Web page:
Water-inflated Barriers Series

Water-inflated tubing is a fairly new and very effective emergency method of closing a gap, temporarily raising the height of an existing levee or putting a barrier around a building or between a building and a rising river. Water-inflatable barriers are easier to erect than sandbag levees or walls, take much less time and require little storage space when deflated.

Water-inflated dams have been used widely in industrial applications for containment of oil spills, diversion of water for bridge construction and other large-scale operations. They are available commonly in heights from 2 feet to 6 feet. Some are oval, with one or two internal baffles to prevent rolling; others get their stability from their triangular shape.

See Using a Single Irrigation Tube below.


Commercial inflatable barriers can be found easily on the Internet. Once you know the length of barrier you need, and the depth of water you're trying to keep at bay, the manufacturer or outlet can give you a cost. For comparison purposes, a hundred-foot length of commercially produced barrier would run about $7,000/ for a four-foot-high barrier, but closer to $4,000 for one only two-feet high.

At these lower levels, you can make a water-inflated barrier using irrigation tubing, which can be purchased from farm irrigation supply stores. It comes in 1,320-ft. rolls (1/4 mile) in various thicknesses and diameters. Based on quotes obtained in 2012, 22-inch diameter tubing cost about 40 cents per foot. Keep in mind, though, that irrigation tubing is more fragile than a bonafide water-inflated dam and it cannot withstand as much pressure or debris impact. Because the tubing doesn't come with the fittings you'd get with a dam, it can be more difficult to fill and manage. The commercial product is more likely to be reusable.

A water-inflated barrier will generally protect against water that is about 3/4 the height of the barrier. The level of protection is only as high as the lowest point along the barrier. This method is effective only on level sections of ground.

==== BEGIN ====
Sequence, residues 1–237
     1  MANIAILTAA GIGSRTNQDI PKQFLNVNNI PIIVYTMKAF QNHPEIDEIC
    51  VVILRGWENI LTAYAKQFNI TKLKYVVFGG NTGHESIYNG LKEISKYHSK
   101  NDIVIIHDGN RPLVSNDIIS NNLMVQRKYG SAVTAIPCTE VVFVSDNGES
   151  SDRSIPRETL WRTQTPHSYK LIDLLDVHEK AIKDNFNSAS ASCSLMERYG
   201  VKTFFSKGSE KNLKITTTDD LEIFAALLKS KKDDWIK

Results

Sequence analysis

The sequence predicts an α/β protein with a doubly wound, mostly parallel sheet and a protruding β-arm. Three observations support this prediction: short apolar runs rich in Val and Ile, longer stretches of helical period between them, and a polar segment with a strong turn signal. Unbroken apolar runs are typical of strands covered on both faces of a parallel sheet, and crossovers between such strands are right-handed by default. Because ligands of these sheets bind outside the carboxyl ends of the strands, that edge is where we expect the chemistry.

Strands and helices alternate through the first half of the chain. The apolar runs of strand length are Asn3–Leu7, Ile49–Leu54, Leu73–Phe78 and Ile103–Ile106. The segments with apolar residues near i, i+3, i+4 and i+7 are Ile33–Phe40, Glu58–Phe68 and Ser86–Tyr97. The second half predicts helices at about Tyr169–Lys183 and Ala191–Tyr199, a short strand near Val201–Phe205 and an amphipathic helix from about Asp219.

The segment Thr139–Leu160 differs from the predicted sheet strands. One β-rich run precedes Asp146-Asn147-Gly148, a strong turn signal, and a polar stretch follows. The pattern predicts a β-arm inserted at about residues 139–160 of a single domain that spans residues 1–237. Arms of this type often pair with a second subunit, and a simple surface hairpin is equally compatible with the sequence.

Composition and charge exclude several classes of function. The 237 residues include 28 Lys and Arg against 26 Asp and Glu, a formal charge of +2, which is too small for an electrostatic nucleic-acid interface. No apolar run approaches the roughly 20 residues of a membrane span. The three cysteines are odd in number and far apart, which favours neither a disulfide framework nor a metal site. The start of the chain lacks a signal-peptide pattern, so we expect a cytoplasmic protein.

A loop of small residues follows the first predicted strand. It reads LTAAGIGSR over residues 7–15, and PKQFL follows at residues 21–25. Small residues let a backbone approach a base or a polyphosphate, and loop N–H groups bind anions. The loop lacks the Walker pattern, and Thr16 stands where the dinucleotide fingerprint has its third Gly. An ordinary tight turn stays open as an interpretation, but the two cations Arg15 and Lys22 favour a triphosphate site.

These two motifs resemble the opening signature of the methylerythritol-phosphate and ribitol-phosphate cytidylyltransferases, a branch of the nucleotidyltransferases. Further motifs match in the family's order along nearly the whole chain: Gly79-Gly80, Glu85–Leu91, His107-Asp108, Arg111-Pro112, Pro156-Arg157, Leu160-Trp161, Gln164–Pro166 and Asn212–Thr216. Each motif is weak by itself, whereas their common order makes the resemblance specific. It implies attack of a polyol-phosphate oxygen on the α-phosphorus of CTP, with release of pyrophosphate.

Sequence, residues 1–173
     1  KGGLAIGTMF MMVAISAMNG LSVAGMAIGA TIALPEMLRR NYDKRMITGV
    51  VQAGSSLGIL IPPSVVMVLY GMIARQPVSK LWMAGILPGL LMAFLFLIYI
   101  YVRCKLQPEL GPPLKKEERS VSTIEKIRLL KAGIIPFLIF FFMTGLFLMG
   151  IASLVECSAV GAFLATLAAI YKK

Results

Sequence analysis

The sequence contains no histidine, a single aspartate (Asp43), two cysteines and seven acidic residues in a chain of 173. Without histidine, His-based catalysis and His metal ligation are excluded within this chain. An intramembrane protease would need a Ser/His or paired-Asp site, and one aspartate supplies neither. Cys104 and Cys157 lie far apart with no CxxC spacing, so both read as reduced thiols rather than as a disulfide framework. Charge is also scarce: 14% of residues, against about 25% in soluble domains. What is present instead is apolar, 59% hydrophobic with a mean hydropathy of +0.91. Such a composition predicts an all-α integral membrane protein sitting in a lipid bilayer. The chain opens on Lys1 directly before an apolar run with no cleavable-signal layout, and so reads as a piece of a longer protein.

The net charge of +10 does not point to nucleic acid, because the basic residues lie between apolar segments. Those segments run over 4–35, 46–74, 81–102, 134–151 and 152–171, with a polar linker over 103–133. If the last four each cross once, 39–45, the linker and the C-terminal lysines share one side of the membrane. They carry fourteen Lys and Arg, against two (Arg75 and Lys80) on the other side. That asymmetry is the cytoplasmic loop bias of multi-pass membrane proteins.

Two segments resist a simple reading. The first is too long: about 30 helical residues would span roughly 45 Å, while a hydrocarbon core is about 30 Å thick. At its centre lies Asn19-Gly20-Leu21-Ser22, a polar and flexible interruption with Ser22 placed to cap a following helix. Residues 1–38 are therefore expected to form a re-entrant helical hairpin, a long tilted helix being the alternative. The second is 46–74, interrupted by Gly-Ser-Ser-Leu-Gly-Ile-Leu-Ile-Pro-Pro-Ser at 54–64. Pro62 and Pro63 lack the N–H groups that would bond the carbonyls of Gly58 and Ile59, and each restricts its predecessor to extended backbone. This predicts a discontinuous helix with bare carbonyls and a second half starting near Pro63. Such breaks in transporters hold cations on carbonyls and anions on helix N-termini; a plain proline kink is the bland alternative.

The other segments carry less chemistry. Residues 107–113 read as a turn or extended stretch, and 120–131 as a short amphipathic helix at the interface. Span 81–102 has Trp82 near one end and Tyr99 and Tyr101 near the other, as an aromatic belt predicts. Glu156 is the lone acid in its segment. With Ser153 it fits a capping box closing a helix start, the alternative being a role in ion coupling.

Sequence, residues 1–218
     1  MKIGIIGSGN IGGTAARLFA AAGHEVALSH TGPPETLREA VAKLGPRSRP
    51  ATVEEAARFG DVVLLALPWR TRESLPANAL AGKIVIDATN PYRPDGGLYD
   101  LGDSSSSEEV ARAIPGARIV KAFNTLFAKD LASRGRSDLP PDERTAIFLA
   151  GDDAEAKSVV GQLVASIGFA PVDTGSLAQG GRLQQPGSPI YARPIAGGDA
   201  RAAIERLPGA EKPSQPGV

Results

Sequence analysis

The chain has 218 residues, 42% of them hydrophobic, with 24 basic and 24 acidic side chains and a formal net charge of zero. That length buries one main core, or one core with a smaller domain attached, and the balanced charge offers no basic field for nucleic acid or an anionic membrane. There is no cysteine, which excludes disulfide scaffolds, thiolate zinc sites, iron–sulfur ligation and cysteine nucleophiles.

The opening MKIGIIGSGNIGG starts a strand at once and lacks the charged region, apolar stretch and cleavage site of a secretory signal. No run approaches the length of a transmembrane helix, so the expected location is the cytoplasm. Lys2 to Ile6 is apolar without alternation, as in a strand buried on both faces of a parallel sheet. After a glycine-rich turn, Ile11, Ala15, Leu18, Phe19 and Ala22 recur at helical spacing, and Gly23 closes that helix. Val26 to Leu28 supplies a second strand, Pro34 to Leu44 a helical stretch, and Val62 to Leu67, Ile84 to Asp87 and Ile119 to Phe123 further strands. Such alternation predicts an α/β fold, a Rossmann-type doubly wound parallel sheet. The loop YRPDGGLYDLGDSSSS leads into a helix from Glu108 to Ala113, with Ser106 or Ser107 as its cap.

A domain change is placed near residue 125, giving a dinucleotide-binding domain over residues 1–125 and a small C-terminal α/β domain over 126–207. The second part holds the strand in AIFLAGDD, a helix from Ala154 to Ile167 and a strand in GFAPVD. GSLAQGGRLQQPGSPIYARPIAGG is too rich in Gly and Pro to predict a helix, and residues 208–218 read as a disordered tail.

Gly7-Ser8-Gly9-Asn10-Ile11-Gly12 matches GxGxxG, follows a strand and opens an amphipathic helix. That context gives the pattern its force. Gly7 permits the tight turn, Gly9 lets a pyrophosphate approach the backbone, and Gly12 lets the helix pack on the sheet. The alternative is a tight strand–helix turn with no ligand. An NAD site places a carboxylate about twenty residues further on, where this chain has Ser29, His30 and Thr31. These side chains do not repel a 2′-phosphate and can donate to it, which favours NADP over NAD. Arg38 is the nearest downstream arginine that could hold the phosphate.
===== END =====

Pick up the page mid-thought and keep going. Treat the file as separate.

The principle of blocking floodwater with a barrier filled with water can be applied to other containers of different materials and different shapes. Find something that won't roll, scoot along the ground or tip over. Beyond that, you need to consider how and where you'll store your temporary barrier when it's not in use.

Tips to Remember

  • Keep the necessary materials on hand. This includes tubing, stakes or other support devices, ties or connectors.
  • Be sure you can install the system in the amount of time you normally have to prepare for a flood.
  • Have a pump inside the protected area. Even good systems leak. Some water will seep in underground, and rain will fall inside your barrier. You have to pump it out.
  • Before each flood season, have a practice run. Find the materials and test the pump. A flood protection system is like a chain; it's only as good as its weakest link. If the barrier across an opening fails, your floodwall or levee is of little use.
  • As with permanent levees and floodwalls, you need protection from sewer backup.
  • Failure of the system for any reason can result in a forceful rush of flood water into the property. Plan for your safety. Decide in advance when you will abandon a flood fight and save your life.

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